Author: Karim F Hirji
Publ: Daraja Press
Reviewer: Salim Vally
Karim Hirji’s erudite yet accessible collection of essays is bound to become an essential companion and a classic for all concerned with the underdevelopment of Africa and its educational doppelganger, under-education.
While the essays focus on Tanzania, they have continental resonance and remain globally relevant. His dialectical, fine-grained and multi-scalar analysis of educational issues traverses the period of colonialism, the first flush of independence through neo-colonialism to present day capitalist neoliberalism. The essays draw inspiration and critical lessons from many countries. Hirji’s education commentary is grounded in a dedicated praxis of over forty years. The collection reflects this breadth of experience and the depth of multifaceted struggles. It embraces many pertinent issues valuable for contemporaneous endeavours against miseducation as these relate to democracy, dependency, violence in schools, the privatisation and corporatisation of education, the uses and abuses of technology, cultural imperialism, academic dissent, publishing, reading and the qualities of an effective teacher.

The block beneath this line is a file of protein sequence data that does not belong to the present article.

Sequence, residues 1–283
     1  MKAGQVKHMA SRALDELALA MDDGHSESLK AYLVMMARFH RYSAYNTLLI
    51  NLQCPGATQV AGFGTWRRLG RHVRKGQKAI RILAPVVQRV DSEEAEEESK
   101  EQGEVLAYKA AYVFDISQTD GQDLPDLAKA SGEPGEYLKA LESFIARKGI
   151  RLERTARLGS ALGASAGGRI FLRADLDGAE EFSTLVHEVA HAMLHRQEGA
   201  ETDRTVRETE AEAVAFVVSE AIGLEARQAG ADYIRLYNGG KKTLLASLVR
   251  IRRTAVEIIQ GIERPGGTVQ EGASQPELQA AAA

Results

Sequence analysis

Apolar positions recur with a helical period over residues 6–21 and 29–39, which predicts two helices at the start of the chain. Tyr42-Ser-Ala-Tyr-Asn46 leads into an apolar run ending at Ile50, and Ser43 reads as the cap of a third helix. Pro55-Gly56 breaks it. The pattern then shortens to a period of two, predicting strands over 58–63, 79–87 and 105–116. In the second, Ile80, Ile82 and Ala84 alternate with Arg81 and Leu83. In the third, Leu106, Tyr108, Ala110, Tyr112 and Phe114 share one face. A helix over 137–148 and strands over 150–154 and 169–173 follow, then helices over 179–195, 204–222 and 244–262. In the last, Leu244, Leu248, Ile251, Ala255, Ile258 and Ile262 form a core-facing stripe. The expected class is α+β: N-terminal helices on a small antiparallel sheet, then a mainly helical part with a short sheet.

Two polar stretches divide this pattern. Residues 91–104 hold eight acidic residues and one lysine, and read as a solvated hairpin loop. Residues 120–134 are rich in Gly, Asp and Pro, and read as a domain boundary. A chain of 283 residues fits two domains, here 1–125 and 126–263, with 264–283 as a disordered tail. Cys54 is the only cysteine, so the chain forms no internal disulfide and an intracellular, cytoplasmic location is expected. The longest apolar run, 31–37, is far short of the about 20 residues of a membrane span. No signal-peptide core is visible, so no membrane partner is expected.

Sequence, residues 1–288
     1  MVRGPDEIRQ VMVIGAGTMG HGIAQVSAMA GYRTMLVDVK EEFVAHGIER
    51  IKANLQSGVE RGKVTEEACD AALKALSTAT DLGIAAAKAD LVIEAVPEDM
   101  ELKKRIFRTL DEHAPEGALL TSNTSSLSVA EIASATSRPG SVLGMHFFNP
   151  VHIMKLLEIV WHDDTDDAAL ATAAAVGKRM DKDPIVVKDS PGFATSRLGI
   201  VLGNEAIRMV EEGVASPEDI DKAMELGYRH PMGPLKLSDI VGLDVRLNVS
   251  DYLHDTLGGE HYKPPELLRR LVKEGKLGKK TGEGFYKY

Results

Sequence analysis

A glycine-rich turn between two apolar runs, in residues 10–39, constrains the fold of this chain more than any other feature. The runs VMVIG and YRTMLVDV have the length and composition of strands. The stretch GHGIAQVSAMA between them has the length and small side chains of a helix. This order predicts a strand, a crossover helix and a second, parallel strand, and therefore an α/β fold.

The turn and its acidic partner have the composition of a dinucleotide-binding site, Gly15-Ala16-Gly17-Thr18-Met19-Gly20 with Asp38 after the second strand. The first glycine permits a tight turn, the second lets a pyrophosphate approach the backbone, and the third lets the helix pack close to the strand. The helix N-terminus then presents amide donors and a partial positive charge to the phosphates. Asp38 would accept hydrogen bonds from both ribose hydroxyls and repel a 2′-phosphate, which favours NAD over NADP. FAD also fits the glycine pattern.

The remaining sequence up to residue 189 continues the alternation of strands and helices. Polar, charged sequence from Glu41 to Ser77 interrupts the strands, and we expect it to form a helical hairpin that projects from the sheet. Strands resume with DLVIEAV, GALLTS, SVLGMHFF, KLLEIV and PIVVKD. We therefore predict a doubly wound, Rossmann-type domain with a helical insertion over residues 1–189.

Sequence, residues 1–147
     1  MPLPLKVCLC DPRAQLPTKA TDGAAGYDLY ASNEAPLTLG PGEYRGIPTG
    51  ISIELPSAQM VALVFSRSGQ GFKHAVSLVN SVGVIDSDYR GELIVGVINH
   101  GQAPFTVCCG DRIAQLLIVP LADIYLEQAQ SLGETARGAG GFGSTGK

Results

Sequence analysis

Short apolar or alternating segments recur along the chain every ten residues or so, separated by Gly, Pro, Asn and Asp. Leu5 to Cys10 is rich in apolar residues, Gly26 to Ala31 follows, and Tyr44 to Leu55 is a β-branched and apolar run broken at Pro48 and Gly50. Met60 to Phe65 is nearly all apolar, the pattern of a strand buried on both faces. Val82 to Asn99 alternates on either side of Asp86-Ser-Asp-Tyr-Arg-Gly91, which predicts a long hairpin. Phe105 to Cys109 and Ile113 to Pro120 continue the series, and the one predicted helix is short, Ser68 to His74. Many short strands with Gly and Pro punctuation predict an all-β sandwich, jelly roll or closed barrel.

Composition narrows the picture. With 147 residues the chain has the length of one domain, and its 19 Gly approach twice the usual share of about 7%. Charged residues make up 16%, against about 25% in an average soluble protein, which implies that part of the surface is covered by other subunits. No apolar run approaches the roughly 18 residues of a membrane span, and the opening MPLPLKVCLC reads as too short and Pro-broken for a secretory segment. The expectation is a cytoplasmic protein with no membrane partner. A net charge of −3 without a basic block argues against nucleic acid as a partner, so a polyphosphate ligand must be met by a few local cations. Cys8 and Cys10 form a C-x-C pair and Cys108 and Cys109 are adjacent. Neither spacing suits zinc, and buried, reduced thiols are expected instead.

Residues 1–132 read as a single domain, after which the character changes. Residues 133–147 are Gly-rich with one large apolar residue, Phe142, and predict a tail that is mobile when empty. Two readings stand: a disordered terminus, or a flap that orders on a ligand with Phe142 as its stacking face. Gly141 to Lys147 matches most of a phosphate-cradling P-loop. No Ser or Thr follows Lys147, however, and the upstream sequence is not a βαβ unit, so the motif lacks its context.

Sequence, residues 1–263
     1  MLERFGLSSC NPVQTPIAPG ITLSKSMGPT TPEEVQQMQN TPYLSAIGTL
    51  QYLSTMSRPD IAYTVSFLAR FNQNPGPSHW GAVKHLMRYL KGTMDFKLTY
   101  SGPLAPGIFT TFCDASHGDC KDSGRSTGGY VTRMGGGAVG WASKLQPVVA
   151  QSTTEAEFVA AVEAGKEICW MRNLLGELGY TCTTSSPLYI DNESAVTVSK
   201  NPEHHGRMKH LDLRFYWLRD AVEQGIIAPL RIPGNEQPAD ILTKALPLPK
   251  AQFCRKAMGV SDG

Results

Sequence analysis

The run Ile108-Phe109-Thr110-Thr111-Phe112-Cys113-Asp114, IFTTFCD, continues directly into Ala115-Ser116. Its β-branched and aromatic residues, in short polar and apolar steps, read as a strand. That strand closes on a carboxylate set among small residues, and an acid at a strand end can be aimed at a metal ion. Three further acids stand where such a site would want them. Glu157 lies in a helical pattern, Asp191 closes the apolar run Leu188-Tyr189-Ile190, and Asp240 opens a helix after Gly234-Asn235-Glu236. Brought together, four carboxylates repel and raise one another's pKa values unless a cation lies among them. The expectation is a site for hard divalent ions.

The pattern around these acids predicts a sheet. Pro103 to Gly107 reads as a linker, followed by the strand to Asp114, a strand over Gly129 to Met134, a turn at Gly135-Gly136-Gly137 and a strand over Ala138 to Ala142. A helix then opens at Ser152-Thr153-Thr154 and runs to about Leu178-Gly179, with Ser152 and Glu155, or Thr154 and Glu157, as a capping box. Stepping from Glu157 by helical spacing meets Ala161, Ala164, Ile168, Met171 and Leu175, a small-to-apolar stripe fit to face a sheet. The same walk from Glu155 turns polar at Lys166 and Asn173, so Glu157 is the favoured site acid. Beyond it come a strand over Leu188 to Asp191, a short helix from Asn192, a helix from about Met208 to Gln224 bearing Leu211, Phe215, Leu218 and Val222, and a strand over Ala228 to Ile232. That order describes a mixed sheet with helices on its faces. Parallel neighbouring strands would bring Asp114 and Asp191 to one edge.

The book, a milestone in connecting past and present struggles through the tools of political economy and historical materialism, recounts how after independence, students from the University Students African Revolutionary Front together with some progressive staff members such as Walter Rodney, John Saul and others contributed to making the University of Dar es Salaam a beacon of progressive scholarship. They championed decolonisation and while critically supportive of President Nyerere’s humanism and policies of Ujamaa, also warned of the dangers of neocolonialism - their critiques celebrated as the ‘Dar es Salaam Debates’ remain germane to revitalising the African academy today. The legendary student magazines Cheche and MajiMaji discussed in the book should be seen as exemplars of socially engaged and rigorous scholarship exposing the poverty of many academic journals today.
Written in a register that exudes deep honesty, wisdom, self-critical reflection and borne out of collective struggle, Hirji’s essays are indispensable to confront the current obfuscations, falsifications and the dominant right wing and indeed neo-fascist assaults on meaningful education and reason. The ideas and practices of Hirji and his fellow activist scholars such as Issa Shivji, and the much missed AM Babu, Haroub Othman and Walter Rodney remain pertinent today and will leave a solid legacy for future generations to build on.
Despite these bleak, dire and precarious times, this remarkable collection is an antidote to despair. Hirji’s injunction, not to lose hope is also a clarion call to action and a firm belief that, to quote Hirji, ‘…the struggle is a long term one; there are bound to be ups and downs. But ultimately, Africa and its people will triumph’.